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China Puts First Female Astronaut in Space

  • Stephanie Ho

China's astronauts from left Liu Yang, Jing Haipeng and Liu Wang salute before they depart for the Shenzhou 9 spacecraft rocket launch pad at the Jiuquan Satellite Launch Center in Jiuquan, China, Saturday, June 16, 2012.

China's astronauts from left Liu Yang, Jing Haipeng and Liu Wang salute before they depart for the Shenzhou 9 spacecraft rocket launch pad at the Jiuquan Satellite Launch Center in Jiuquan, China, Saturday, June 16, 2012.

BEIJING - China successfully launched its first woman astronaut into orbit on a mission that marks an important step in the country's plans to build a permanent space station.

The Shenzhou 9 spacecraft blasted into space Saturday under clear skies at the Jiuquan Satellite Launch Center in western Gansu province.

The spacecraft carries a crew of three astronauts, including China's first female in space, Liu Yang. The Shenzhou 9 is set to dock with another spacecraft, Tiangong 1, which is in orbit more than 300 kilometers above Earth.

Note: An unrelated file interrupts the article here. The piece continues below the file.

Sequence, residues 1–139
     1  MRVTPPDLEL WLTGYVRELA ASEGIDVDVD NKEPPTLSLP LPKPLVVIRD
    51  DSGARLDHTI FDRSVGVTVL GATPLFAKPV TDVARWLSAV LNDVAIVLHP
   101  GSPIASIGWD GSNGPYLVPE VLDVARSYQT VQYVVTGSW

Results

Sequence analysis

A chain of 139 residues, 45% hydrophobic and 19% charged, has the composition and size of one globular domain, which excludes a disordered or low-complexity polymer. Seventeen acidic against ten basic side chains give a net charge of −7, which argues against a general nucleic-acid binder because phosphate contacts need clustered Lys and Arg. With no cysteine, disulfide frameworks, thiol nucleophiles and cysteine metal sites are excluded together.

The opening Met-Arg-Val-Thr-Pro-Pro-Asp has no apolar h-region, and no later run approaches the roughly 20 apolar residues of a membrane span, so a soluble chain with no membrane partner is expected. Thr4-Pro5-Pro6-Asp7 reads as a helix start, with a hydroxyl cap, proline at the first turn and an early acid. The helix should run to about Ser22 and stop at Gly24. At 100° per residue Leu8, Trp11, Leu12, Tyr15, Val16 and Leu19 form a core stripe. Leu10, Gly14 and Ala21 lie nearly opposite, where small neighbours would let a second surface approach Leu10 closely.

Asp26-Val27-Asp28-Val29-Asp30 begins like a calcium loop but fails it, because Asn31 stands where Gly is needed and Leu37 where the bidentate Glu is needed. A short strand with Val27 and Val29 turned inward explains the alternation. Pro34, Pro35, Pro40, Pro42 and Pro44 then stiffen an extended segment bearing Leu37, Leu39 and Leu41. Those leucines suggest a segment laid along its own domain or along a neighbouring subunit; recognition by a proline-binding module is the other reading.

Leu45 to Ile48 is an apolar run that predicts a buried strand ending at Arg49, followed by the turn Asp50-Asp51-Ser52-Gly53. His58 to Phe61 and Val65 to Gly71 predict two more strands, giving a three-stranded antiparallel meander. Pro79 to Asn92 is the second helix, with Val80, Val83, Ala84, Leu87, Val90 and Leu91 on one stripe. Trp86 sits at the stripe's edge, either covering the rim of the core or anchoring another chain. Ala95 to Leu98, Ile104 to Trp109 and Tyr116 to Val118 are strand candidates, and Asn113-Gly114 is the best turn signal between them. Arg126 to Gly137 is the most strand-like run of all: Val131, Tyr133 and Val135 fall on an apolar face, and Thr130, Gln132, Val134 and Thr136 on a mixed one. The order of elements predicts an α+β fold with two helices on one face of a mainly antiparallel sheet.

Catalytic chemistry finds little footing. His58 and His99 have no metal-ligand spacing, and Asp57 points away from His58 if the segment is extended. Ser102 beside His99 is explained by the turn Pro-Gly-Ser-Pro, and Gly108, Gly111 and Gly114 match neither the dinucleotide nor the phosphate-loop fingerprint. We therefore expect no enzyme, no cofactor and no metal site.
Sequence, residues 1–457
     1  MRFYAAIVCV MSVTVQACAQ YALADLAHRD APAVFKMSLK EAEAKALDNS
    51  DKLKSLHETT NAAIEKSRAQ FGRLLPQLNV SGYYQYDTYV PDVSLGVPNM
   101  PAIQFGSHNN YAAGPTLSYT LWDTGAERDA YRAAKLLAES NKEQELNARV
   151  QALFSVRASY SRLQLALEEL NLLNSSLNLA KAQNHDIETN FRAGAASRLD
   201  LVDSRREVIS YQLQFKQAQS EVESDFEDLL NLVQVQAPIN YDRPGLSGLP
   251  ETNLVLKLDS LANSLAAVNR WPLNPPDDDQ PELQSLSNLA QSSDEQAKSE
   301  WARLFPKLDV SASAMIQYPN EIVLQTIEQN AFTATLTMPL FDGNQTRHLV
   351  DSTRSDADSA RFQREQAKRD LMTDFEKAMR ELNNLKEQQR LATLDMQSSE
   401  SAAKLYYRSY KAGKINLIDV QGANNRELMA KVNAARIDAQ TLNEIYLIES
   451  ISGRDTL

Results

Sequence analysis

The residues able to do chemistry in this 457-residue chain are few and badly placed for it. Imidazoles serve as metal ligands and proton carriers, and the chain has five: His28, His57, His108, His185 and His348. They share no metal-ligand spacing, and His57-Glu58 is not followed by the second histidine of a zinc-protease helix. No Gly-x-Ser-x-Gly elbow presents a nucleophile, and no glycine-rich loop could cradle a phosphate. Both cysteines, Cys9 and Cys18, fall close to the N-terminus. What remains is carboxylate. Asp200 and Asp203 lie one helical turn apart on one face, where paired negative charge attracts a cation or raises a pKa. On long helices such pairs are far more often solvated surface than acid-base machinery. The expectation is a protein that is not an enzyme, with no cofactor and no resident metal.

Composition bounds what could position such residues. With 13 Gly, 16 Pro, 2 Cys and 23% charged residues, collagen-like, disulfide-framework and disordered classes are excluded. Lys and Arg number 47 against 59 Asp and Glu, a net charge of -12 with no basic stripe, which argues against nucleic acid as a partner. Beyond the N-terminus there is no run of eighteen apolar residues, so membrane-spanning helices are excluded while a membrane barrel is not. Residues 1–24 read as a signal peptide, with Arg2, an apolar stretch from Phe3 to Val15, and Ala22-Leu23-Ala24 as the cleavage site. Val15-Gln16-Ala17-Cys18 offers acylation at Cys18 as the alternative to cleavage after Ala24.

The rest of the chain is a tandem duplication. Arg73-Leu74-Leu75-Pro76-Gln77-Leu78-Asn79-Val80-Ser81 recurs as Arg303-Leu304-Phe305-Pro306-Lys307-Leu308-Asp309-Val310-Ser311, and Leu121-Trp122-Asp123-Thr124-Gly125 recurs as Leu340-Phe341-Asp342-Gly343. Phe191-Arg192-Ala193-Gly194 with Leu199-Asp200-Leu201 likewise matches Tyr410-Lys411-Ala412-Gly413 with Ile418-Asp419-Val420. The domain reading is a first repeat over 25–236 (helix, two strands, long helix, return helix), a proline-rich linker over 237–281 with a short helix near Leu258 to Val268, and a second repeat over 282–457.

One of the Chinese government's highest-ranking female officials, State Councilor Liu Yandong, read a letter of congratulations from Chinese President Hu Jintao, who is on a visit to Denmark. Speaking through an interpreter, she said Hu sees the docking mission as a “big milestone” for China.

“I'd like all of you to continue your spirit of hard work and achieve complete success in our first manned space docking mission, and to create new achievements for our manned space program,” said Liu.

China's top legislator, Wu Bangguo, presided over a mission send-off ceremony, and was shown on television monitoring events from the control room.

During the launch video monitors showed live images of the three-person crew, which appeared to be calm while reading handbooks.

Astronaut Liu Wang will be mainly in charge of a manual docking of the Shenzhou-9 with the Tiangong-1, a task that will be performed in coming days. Speaking Friday, he said this will be very difficult.

He said the manual rendezvous requires a lot of technology and skills, so he has rehearsed the maneuver more than 1,500 times.

Mission commander Jing Haipeng said he is still excited even though this is his third time in space.

He added that with China's growing space industry, he expects that in the future, there will be many more astronauts who will make multiple missions.

The crew is expected to spend 13 days in space, conducting scientific, medical and technological experiments.

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